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Trends Microbiol. 2009 Jun;17(6):243-50. doi: 10.1016/j.tim.2009.03.004. Epub 2009 May 21.

Ancient micronauts: interplanetary transport of microbes by cosmic impacts.

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  • Department of Microbiology and Cell Science, University of Florida, Space Life Sciences Laboratory, Building M6-1025, Room 201-B, Kennedy Space Center, FL 32899, USA. WLN@ufl.edu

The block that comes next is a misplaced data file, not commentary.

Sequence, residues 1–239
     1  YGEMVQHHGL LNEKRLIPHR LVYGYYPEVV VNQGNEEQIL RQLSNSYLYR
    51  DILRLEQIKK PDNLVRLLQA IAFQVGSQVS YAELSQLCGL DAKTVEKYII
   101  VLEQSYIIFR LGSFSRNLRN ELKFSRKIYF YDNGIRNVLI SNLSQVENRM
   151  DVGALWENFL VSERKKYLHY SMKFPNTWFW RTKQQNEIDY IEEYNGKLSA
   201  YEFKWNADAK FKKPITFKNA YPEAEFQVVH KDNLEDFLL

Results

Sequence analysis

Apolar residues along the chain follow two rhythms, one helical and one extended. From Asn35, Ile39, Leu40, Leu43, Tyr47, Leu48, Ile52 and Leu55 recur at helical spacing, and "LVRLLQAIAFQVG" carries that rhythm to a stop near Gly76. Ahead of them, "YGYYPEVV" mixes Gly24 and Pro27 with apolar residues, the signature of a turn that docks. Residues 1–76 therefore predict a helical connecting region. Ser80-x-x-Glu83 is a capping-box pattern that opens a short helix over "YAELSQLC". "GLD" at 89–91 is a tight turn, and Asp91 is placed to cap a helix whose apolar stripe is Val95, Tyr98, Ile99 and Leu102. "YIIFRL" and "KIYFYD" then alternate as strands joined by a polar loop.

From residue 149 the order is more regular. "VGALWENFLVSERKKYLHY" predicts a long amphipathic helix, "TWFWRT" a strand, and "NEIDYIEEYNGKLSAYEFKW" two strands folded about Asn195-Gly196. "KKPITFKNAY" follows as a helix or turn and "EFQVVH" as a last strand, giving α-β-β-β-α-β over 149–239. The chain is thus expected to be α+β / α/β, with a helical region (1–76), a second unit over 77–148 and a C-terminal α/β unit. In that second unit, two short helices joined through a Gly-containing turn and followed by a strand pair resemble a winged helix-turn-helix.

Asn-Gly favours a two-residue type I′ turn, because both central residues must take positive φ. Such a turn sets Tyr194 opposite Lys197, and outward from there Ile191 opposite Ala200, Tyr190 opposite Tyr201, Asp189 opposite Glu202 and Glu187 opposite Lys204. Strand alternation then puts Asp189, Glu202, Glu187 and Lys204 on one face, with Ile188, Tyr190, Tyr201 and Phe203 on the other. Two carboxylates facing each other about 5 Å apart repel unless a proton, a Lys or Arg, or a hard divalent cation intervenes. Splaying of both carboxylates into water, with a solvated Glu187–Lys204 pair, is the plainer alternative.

Abstract

Recent developments in microbiology, geophysics and planetary sciences raise the possibility that the planets in our solar system might not be biologically isolated. Hence, the possibility of lithopanspermia (the interplanetary transport of microbial passengers inside rocks) is presently being re-evaluated, with implications for the origin and evolution of life on Earth and within our solar system. Here, I summarize our current understanding of the physics of impacts, space transport of meteorites, and the potentiality of microorganisms to undergo and survive interplanetary transfer.

PMID:
19464895
[PubMed - indexed for MEDLINE]
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